Collisions Fuel Black Hole Feeding Frenzies

Collisions Fuel Black Hole Feeding Frenzies
When galaxies interact, such as the two in this artist's conception, they stir up gas and dust that may fuel giant black holes at the galaxies' centers. (Image credit: Kuo et al.)

Black hole feeding frenzies are fueled by galacticcollisions, suggests a new study that confirms astronomers' suspicions.

Astronomers have had their eyes on a certain class ofgalaxies that appear to contain central black holes that gorge on gas and dust.So far, scientists have been unsure what triggers these giant meals, but newradio observations may help explain how they work.

Seyfert galaxies are a type of galaxy known as ActiveGalactic Nuclei (AGN), thought to host supermassive black holes in theircenters. Seyferts are slightly tamer versions of the extremely luminous AGNcalled quasarsand blazars.

Scientists guessed that recent interactionswith neighboring galaxies might have stirred up Seyferts' gas and dust andpropelled it toward their giant black holes. But when optical telescopesobserve Seyferts in light visible to the human eye, the Seyferts show no signof close encounters with other galaxies.

Now astronomers have used the Very Large Array (VLA)telescope to photograph these objects in radio light, and found that the majorityof Seyferts do indeed seem to have recently collided with a neighbor. For comparison, theresearchers observed non-Seyfert galaxies and found that very few showed signsof an interaction.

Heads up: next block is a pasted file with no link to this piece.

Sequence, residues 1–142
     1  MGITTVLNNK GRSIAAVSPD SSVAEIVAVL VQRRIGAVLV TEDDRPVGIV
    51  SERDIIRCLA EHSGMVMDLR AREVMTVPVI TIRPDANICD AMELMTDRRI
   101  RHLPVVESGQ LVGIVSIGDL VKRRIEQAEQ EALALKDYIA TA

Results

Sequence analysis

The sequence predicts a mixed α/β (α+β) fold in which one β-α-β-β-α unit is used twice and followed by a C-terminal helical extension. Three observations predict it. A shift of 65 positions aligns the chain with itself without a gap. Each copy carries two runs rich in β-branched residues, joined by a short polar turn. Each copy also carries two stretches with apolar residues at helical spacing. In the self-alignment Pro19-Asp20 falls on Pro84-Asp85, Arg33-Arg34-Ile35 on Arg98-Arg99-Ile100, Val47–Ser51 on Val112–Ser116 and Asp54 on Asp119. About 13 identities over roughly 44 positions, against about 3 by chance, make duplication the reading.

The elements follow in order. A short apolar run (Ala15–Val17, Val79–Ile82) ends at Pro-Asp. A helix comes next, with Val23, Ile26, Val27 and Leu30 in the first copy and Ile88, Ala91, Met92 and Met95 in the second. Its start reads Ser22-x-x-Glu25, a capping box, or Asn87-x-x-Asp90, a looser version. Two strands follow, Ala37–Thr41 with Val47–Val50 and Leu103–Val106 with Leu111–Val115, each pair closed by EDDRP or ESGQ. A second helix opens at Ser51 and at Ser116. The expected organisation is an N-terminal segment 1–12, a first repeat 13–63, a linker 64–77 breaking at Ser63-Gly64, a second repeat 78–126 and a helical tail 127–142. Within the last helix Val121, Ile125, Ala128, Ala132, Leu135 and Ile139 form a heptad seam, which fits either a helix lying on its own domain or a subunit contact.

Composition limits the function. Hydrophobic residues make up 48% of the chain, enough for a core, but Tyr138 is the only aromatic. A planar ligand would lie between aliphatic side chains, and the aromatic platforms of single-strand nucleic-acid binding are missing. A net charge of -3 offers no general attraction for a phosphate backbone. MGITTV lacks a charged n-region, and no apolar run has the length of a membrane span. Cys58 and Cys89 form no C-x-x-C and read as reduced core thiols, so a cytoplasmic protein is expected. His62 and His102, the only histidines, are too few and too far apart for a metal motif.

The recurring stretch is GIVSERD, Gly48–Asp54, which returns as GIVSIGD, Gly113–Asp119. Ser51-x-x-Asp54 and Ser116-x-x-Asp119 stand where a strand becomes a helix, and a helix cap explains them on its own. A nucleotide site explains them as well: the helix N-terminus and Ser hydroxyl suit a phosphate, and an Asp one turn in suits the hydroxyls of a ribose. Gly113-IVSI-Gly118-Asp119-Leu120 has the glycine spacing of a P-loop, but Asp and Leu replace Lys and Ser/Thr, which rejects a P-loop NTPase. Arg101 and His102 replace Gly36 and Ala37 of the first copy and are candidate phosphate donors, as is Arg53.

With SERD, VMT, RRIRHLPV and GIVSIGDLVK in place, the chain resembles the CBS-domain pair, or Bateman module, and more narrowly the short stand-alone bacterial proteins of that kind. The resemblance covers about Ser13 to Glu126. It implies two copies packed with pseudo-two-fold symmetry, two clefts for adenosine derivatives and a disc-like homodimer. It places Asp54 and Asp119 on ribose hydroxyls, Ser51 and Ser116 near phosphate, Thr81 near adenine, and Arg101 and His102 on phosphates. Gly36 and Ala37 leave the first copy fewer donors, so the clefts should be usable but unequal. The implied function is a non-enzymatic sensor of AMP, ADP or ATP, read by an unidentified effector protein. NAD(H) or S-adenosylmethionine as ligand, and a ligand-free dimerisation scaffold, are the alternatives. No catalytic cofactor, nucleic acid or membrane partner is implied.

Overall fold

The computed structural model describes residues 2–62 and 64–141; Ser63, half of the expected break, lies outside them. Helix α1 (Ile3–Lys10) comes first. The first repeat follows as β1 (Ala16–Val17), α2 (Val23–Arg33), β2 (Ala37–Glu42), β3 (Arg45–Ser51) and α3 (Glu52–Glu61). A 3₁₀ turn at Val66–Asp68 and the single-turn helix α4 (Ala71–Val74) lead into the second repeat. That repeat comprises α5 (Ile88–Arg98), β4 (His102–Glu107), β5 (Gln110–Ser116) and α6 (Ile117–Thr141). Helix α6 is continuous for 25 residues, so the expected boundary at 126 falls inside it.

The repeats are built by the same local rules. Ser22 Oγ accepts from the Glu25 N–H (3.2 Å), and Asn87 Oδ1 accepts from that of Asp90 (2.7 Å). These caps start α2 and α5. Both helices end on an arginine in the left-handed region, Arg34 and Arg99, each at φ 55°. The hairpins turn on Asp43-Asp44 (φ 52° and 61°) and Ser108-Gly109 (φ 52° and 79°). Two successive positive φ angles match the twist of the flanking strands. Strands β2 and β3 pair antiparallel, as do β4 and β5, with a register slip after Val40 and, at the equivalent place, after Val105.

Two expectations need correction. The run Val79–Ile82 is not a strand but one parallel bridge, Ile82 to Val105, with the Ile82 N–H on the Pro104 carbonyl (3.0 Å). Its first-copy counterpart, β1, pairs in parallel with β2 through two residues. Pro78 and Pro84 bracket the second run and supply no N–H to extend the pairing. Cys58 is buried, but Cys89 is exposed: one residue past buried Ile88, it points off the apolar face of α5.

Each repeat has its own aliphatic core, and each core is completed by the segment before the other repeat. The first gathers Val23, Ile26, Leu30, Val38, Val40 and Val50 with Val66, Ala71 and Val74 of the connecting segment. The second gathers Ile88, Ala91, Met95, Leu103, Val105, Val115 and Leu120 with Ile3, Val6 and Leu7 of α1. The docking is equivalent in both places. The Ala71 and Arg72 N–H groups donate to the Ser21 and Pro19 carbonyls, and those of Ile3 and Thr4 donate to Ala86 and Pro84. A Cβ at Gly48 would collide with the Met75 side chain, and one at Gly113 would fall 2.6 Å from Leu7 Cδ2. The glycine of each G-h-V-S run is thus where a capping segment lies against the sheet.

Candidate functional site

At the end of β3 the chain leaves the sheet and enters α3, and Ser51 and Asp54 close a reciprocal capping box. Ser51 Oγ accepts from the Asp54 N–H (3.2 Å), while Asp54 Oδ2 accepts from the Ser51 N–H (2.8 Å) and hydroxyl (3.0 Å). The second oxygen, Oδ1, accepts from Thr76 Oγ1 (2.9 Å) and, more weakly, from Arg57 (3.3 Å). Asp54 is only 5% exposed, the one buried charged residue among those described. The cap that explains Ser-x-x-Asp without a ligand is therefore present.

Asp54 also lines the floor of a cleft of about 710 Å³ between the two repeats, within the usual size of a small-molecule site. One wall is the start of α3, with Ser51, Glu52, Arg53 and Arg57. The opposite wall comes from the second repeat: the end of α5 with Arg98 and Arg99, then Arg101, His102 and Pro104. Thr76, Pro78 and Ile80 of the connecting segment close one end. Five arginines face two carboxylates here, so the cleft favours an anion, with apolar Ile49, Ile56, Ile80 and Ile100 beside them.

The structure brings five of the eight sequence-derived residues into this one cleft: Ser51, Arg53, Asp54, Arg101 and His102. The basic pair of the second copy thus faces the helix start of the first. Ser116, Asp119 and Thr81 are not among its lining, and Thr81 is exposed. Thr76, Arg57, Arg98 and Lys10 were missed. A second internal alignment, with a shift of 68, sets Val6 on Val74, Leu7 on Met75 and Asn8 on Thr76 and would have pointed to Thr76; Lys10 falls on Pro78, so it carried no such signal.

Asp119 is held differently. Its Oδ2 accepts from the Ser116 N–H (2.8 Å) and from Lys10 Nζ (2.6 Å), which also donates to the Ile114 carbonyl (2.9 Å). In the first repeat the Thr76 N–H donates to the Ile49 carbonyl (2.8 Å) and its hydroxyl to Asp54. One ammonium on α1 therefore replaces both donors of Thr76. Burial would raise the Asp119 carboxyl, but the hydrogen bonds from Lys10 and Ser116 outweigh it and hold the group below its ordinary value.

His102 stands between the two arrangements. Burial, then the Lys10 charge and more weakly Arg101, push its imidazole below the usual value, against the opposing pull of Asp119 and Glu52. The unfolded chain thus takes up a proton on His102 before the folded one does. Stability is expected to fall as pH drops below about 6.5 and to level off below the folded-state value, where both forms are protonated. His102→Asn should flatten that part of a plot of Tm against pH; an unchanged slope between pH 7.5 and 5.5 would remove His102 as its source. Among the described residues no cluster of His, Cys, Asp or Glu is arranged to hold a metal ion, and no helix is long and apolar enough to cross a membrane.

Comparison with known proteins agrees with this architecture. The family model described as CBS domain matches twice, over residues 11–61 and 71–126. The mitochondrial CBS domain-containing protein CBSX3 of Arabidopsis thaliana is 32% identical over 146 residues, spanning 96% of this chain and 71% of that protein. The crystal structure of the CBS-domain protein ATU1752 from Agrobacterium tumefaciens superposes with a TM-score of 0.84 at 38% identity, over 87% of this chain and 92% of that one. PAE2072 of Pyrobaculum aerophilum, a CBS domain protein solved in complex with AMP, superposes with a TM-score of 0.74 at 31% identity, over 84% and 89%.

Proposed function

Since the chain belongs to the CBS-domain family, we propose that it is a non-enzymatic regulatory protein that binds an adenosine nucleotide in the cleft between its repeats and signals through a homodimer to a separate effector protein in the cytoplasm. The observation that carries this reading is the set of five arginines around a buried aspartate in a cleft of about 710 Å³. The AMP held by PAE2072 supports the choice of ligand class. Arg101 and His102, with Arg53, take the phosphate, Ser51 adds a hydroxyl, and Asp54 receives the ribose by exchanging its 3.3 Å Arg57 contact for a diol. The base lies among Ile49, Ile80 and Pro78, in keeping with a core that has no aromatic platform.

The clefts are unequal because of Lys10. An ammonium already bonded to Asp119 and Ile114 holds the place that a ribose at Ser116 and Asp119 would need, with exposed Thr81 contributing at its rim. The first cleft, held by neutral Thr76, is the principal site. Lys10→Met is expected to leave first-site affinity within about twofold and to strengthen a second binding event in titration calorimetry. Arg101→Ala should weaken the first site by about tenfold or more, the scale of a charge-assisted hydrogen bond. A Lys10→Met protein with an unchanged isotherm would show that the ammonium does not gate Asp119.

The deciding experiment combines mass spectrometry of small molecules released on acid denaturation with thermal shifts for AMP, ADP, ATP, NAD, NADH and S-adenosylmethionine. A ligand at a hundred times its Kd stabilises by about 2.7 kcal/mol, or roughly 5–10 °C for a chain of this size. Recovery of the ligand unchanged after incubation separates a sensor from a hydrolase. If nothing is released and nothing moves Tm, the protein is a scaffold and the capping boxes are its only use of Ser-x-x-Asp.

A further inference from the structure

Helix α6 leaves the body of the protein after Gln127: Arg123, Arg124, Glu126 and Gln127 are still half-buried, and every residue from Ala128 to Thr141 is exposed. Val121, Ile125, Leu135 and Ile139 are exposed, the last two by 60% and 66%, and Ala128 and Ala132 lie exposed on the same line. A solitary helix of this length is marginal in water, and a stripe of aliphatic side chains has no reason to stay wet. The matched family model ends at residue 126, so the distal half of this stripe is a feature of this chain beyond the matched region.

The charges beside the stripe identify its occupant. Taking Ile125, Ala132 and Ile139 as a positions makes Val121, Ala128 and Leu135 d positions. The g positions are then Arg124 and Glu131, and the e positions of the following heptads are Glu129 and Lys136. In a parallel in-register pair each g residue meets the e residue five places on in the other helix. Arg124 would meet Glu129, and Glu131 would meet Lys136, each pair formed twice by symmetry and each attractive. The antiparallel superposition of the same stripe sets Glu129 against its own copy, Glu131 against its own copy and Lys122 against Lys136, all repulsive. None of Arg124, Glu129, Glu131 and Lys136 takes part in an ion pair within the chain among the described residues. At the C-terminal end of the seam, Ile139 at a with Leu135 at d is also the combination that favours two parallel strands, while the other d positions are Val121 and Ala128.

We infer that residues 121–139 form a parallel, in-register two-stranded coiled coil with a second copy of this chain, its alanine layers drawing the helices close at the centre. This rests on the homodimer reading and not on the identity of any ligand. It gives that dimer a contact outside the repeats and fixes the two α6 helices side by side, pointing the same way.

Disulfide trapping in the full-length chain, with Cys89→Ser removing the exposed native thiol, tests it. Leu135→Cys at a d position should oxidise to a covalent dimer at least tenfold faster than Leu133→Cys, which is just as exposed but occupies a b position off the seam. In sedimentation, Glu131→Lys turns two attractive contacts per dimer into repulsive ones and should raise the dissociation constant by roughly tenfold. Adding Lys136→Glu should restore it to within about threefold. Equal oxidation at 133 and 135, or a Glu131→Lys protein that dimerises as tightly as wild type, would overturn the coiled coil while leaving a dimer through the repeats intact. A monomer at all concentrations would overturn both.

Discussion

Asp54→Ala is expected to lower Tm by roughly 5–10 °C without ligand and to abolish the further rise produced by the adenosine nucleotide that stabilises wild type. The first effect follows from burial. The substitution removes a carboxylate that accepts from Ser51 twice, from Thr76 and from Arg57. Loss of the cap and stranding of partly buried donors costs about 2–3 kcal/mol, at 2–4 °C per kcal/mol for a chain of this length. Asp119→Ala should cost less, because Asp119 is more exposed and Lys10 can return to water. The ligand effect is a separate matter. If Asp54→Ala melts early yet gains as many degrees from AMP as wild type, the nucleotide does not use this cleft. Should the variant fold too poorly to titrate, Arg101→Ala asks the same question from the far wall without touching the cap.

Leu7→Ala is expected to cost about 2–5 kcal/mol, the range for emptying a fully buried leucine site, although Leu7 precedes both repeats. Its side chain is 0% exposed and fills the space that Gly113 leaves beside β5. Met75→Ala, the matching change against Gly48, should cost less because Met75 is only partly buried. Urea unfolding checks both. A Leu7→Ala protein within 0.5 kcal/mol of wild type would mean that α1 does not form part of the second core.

"This comparison clearly shows a connection betweenclose galactic encounters and the black-hole-powered activity in thecores," said Ya-Wen Tang, who began this work at the Institute ofAstronomy & Astrophysics, Academia Sinica (ASIAA), in Taiwan and now is agraduate student at the National Taiwan University. "This is the best evidenceyet for the fueling of Seyfert galaxies. Other mechanisms have been proposed,but they have shown little if any difference between Seyferts and inactivegalaxies."

The VLA telescope was able to study the galaxies' hydrogengas by observing the radio waves emitted by hydrogen atoms. The hydrogen gas inmany Seyferts left a clear signal of being disturbed by a collision withanother galaxy.

"Our results show that images of the hydrogen gas are apowerful tool for revealing otherwise-invisible gravitational interactionsamong galaxies," said Jeremy Lim, also of ASIAA. "This is a welcomeadvance in our understanding of these objects, made possible by the best andmost extensive survey ever made of hydrogen in Seyferts."

The new study helps scientists better understand theseviolent systems, where gas and dust swirl around dense black holes thateventually gobble up the incoming material.

"The VLA lifted the veil on what's really happeningwith these galaxies," said Cheng-Yu Kuo, a graduate student at theUniversity of Virginia. "Looking at the gas in these galaxies clearlyshowed that they are snackingon their neighbors. This is a dramatic contrast with their appearance invisible starlight."


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Clara Moskowitz
Assistant Managing Editor

Clara Moskowitz is a science and space writer who joined the team in 2008 and served as Assistant Managing Editor from 2011 to 2013. Clara has a bachelor's degree in astronomy and physics from Wesleyan University, and a graduate certificate in science writing from the University of California, Santa Cruz. She covers everything from astronomy to human spaceflight and once aced a NASTAR suborbital spaceflight training program for space missions. Clara is currently Associate Editor of Scientific American. To see her latest project is, follow Clara on Twitter.